The Magazine

Paul Weiss at 100

A century of metaphysics

Jun 4, 2001, Vol. 6, No. 36 • By WILLIAM DESMOND
Widget tooltip
Single Page Print Larger Text Smaller Text Alerts

During these years, a string of books, covering an extensive array of topics, flowed from his pen. His first was entitled simply Reality. (The title signals a subtle criticism of Whitehead's Process and Reality, which had perhaps more process than reality, and of F.H. Bradley's Appearance and Reality, which similarly seemed more interested in appearance than reality.) Later books include a major work of metaphysics, Modes of Being (1958), The World of Art (1961), The God We Seek (1964), Sport: A Philosophic Inquiry (1969), Beyond all Appearances (1974), First Considerations (1977), You, I and the Others (1980), Privacy (1983), and Toward a Perfected State (1986). In addition, he has published twelve volumes of an ongoing philosophical journal, Philosophy in Process. Being and Other Realities appeared in 1995 -- the same year the distinguished Library of Living Philosophers devoted a volume to his career, with the many sides of his work discussed by twenty-eight of his peers. And last year, at ninety-nine, he produced Emphatics, yet another philosophical investigation.

It adds up to one of the most extraordinary careers in American philosophy. Extraordinary because of Weiss's irrepressible curiosity, which has led him into a variety of fields and subjects. He devoted one of his sabbatical years to learning how to paint, attending cinematic sessions, taking dance lessons, trying to write poetry, and even attending cooking classes -- all with the aim of getting a feel for the arts from the insider's view of the practitioner. (Some of his sketches are reproduced in the Library of Living Philosophers volume.) He was a pioneer in the philosophy of sport at a time when the topic was unknown, and his book is still referred to with respect.

Yet, in all this, Weiss has continued the task set by the great thinkers of the philosophical tradition, even though his attention to such phenomena as the cinema marks him also as a man of his own time. (He was even for a time a regular guest on the television talk show of his former student at Yale, Dick Cavett.) Weiss is especially to be remembered for his insistence that our time is not peculiarly exempt from the fact that there are basic questions about the nature of reality, truth, knowing, goodness, and beauty.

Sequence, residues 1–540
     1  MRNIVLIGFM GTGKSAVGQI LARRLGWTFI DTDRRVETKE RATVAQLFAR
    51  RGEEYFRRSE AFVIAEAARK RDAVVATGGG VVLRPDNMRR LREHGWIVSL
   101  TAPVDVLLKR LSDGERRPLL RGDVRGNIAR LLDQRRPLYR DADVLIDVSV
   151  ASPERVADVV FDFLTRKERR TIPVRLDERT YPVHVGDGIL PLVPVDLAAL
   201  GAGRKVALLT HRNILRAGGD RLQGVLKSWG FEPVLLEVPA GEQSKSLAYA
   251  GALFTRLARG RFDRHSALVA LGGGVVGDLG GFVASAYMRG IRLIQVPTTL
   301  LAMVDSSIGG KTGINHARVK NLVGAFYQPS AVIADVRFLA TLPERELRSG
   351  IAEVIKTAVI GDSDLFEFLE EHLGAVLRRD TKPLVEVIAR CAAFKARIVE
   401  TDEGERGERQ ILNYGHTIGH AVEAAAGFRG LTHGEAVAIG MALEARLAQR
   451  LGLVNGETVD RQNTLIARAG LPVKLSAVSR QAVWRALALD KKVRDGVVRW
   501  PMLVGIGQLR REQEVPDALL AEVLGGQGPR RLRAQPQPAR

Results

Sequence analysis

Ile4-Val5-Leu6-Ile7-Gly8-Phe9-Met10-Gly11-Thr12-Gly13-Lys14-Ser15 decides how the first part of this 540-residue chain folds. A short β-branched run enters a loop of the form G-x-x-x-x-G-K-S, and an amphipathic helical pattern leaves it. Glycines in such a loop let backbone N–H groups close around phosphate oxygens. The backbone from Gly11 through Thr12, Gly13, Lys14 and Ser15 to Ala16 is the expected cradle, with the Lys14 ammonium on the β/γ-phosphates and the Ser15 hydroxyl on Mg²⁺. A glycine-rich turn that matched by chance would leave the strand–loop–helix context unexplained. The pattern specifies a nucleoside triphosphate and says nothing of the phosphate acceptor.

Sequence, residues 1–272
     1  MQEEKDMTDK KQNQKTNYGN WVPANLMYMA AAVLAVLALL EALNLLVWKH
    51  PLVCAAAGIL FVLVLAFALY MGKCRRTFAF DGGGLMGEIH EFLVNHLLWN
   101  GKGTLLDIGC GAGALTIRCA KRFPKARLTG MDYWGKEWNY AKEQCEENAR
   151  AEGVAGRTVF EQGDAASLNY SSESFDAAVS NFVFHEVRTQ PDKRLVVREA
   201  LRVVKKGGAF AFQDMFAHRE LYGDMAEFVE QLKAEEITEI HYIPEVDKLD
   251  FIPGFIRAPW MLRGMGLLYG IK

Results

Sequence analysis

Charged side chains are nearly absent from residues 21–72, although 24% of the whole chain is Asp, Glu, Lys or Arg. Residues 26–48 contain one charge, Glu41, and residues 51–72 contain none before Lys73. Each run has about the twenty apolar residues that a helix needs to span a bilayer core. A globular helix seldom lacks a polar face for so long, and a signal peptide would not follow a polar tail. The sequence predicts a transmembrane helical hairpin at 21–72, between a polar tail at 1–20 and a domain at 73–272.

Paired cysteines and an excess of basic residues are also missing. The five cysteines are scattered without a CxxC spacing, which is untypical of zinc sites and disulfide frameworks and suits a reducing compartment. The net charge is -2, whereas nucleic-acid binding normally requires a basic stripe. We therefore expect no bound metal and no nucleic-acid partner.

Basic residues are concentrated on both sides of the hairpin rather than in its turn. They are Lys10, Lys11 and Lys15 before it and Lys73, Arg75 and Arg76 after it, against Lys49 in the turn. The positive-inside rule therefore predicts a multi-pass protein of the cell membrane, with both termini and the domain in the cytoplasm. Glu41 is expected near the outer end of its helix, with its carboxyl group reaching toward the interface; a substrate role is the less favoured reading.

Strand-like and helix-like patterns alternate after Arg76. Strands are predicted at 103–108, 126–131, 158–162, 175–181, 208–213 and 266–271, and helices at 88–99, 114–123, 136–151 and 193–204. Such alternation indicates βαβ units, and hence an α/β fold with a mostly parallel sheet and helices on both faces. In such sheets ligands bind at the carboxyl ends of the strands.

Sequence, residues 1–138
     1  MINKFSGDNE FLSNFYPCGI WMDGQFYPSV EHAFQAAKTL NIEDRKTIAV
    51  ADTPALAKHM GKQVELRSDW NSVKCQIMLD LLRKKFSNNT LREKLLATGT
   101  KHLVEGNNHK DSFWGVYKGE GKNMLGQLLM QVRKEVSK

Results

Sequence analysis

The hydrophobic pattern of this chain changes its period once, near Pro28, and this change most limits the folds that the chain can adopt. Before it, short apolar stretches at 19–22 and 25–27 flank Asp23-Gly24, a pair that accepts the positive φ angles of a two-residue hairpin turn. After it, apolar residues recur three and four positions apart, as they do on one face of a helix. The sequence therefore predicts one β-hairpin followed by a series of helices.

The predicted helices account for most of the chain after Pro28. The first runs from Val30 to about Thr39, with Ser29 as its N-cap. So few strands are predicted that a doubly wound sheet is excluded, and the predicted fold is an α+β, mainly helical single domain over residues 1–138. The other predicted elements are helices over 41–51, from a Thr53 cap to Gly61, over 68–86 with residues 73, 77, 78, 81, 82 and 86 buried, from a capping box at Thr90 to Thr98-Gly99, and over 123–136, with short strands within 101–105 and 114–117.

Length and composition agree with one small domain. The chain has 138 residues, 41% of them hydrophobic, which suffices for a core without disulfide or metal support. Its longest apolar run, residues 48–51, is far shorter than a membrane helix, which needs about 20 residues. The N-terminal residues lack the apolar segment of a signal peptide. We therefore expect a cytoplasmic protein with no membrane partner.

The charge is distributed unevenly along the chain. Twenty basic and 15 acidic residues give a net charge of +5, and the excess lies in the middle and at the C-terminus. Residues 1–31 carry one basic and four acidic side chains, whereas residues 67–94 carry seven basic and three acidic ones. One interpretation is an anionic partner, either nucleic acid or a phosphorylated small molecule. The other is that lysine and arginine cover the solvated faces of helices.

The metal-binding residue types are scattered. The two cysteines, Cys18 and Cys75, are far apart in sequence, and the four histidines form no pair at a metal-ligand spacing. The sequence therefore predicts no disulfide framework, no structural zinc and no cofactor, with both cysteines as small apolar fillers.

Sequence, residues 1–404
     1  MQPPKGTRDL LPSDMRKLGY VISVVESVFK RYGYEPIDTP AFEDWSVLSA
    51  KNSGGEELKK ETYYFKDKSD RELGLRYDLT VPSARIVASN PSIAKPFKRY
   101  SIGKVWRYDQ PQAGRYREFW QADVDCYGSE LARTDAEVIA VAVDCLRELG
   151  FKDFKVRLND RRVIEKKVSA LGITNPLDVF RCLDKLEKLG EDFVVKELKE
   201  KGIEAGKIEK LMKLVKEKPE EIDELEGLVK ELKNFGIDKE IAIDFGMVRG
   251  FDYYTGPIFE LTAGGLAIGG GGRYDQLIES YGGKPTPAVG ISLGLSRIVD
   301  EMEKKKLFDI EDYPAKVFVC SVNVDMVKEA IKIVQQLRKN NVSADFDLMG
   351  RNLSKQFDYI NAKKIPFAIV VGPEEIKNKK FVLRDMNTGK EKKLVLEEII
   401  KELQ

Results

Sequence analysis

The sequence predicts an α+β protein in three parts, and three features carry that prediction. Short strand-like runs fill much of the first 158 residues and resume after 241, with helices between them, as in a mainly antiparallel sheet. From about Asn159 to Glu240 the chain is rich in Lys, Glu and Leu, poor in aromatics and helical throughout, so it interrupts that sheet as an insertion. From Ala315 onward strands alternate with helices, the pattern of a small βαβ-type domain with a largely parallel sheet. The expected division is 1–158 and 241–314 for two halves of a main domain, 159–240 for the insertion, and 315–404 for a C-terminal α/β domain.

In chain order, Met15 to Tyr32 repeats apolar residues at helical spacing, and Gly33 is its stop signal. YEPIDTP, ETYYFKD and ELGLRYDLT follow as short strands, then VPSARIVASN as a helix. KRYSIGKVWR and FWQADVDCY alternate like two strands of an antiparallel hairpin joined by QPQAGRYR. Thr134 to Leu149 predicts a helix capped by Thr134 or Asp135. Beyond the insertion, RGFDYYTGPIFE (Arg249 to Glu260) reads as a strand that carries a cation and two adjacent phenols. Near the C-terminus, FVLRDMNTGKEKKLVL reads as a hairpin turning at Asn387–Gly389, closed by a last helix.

These questions arise from the native curiosity of the human being, in all times, and they demand to be addressed apart from all sectarian allegiances. Doing philosophy is not the same as joining a school or signing up for a fashion. It requires the courage of an intellectual fidelity simply to the basic questions themselves, even if this puts one in the position of an outsider. Such initiatives as his founding of the Review of Metaphysics were defensive -- in the most constructive sense. Precisely because the culture of many intellectuals and academics was hostile to metaphysical questions, Paul Weiss took practical steps to create a space where, free of sectarian or scholastic allegiances, independent thinkers could productively discuss their philosophical work.

There are some constants in Weiss's philosophical outlook, despite its range. He is committed to a form of metaphysical pluralism that insists both on the real multiplicity of individuals and on the existence of certain ultimates. One can trace through his work, culminating in Being and Other Realities, a movement towards a deeper sense of Being itself, the ultimate of ultimates. Weiss's philosophy has always been marked with a sane respect for common sense -- but sane respect is not the same as the consecration of common sense. Science may be one crucial way to penetrate reality more deeply, but it is by no means the only way. The practices of ethical life and politics have as much to do with reality as does science. Art, religion, and philosophy itself are also vital ways to get to the roots of things.

Weiss's concern with art and the philosophy of art mirrors his wider fascination with all aspects of creativity, whether in mathematics, the human character, or the work of statesmen. But, interestingly, he denies that philosophy is creative. Philosophy must simply be true to what is and cannot "make things up."

This is a strongly realistic side of his thought, not perhaps fashionable with those who see "truth" as just another construction. In his most recent book, Emphatics, he puts an emphasis on emphasis itself: on how our experience of reality is punctuated with stresses of importance and value; on how reality itself, in diverse forms, punctuates itself with stresses of importance.